Author: John Outcalt (1925)


A descendant of an ancient and honored Irish family, and a pioneer grain rancher of Merced County, William J. McCorry is the owner of a ranch comprising
1,258 acres, five miles northeast of Planada. which represents a lifetime of honest and hard work; for he came to this country a poor boy, and with his own
way to make in the world. Born in County Antrim, Ireland, on March 17, 1853, he is the only surviving member of the family born to his parents, Patrick and
Marie (Crossey) McCorry. The McCorry family have records showing their occupancy of the same home in Ireland for 420 years, up to the time William J. left home, in 1872.

Reared and educated in his native land, at the age of eighteen his youthful ambition led him to seek to better his condition by coming to the new world. He
was nine days en route to New York on the S. S. City of Paris; and from there he made his way to Buffalo, and then on up the lakes to Marquette, Mich., where he worked two and one-half years in the iron foundries, at $2.25 a day for ten hours' work. In 1875 he came west to California, first locating in Knoxville, Napa County, working as a wage-earner in the quicksilver mines.

Twelve months later, in 1876, Mr. McCorry arrived at the Huffman ranch, in Merced County, and worked the first season in haying and harvesting. He preferred the rural life, and put in the dry seasons of 1877-1879 at Stony Creek, Colusa County, in the Sacramento Valley, and also spent a short time in Butte County. As an example of the obstacles to be overcome in those days, Mr. McCorry planted grain in 1877, but the weather continued so dry that the grain did not come up until the winter of 1878-1879. With the exception of these seasons, he has resided in Merced County ever since his first arrival here. From 1876 until 1881, he continued to work out on the farms southeast of Merced. The following year, in company with Dan Reilly, he started grain-farming, and for four seasons had splendid success. In 1885 he bought 200 acres of the Reilly lands, and by a number of subsequent purchases increased his acreage up to 1,280 acres. In 1919 he donated to the county a portion of the north edge of his ranch, for the Yosemite Boulevard, but retains 1,258 acres of it still.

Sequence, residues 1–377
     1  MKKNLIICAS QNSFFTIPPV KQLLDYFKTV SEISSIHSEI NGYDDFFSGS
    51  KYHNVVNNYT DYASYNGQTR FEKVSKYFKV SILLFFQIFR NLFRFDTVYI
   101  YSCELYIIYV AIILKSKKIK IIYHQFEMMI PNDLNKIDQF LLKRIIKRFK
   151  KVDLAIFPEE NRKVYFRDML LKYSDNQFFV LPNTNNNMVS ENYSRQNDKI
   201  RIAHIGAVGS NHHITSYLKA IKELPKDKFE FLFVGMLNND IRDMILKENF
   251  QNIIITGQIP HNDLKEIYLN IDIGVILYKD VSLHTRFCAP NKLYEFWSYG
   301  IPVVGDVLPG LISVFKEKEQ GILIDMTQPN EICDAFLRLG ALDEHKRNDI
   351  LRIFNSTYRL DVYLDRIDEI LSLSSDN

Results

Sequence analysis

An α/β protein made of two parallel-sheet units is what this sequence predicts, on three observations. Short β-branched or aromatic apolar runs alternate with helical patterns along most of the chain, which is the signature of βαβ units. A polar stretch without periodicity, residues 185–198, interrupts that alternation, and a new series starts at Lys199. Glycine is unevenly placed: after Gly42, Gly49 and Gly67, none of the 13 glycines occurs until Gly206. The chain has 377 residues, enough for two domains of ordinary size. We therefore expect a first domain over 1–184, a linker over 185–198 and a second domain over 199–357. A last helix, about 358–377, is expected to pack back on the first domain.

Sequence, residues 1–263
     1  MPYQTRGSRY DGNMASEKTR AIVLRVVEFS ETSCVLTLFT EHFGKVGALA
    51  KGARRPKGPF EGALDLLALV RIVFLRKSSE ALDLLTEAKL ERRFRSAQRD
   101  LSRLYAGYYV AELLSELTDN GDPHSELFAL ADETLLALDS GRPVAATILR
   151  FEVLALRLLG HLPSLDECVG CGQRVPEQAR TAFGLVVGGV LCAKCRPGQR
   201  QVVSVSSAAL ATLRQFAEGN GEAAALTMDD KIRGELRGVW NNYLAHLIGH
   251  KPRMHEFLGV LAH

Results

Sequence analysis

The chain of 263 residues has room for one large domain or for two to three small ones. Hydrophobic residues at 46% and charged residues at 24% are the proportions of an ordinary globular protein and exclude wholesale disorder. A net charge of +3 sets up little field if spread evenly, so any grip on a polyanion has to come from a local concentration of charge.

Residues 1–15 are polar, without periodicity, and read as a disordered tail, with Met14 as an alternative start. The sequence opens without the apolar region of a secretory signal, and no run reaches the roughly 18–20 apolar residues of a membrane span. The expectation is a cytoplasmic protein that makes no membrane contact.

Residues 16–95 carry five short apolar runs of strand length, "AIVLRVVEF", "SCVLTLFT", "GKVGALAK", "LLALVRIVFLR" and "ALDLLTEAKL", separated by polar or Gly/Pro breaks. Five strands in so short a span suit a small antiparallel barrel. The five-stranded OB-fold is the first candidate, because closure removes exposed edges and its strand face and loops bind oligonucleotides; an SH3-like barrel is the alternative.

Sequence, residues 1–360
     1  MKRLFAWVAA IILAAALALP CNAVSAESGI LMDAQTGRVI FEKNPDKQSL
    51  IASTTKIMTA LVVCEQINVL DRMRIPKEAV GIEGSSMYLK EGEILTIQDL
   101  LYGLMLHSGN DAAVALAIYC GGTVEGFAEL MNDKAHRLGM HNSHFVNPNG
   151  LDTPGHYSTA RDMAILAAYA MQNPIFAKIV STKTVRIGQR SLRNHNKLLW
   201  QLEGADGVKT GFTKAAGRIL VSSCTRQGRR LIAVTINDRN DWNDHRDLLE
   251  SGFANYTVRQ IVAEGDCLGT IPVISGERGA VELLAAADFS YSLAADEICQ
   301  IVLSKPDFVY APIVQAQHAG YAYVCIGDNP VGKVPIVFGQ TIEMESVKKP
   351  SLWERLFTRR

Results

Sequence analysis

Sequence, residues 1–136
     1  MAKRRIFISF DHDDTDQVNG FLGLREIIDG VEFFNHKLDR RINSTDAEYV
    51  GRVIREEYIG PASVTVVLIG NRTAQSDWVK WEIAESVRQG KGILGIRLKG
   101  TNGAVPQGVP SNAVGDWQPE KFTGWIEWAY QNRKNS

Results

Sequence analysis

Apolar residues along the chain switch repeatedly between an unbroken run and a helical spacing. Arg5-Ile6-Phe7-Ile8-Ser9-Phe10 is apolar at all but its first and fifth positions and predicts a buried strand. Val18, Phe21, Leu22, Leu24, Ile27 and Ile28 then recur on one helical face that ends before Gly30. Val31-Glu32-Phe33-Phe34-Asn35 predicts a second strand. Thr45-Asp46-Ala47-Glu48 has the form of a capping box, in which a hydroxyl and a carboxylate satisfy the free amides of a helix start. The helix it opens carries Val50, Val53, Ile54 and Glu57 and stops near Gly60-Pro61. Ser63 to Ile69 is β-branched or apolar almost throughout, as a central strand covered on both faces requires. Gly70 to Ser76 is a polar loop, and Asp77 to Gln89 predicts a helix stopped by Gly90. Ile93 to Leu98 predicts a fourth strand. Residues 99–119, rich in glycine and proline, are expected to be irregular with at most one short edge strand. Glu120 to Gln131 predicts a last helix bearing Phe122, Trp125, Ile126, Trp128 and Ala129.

As a pioneer Mr. McCorry introduced modern ways and methods of ranching and thus set an example which has been followed by others; and as a man, he set an example for honesty and integrity which has been a strong factor for good in his community. By all who know him he is called one of the finest and squarest of men. His reminiscences of early days are most interesting and show the sturdy character of the man. He says, "I sold barley for four bits a hundred, and wheat at seventy-nine cents, but in some way managed to pay my debts at those prices, though it took some figuring!" He states that "usually the ranchers lived well, having plenty on the table, and as a general thing enjoyed life." This is particularly true of Mr. McCorry, for his family have staid on the home place to a large extent, carrying on the work so well started by their sire. His sons are enterprising men and have loyally taken up the operation of the ranch,cultivating 2,000 acres to grain.

The marriage of Mr. McCorry, which occurred on February 5, 1884, united him with Mary O'Dea, a native of County Claire, Ireland, who came to California
about 1881. They were blessed with eleven children, nine of whom have grown to maturity: John J., of Planada; Marie, at home; Hugh; William F.; Margaret, of San Francisco; Elizabeth, now Mrs. W. J. Angelich of Fresno; James, of Planada; Anne, of Fresno; and Daniel, with the Central National Bank of Oakland; and a son of Mrs. McCorry's twin sister, Frank, has been reared from babyhood at their own son.

Mr. McCorry is a stockholder in the Merced Security Savings Bank. For twenty years he has served as a trustee for the Cunningham school district; and he has also served many times on election boards. He has always taken an active interest in furthering the best interests of the county, and in all his development work has had that end in view. Fraternally, he is a member of Merced Lodge No. 1240, B. P. O. E., as are also his sons John J. and William F.

Biographical Review
The Leading Men and Women of the County Who Have Been
Identified with Its Growth and Development
from the Early Days to the Present



File contributed for use in USGenWeb Archives by:
Joy Fisher February 8, 2006, 11:19 pm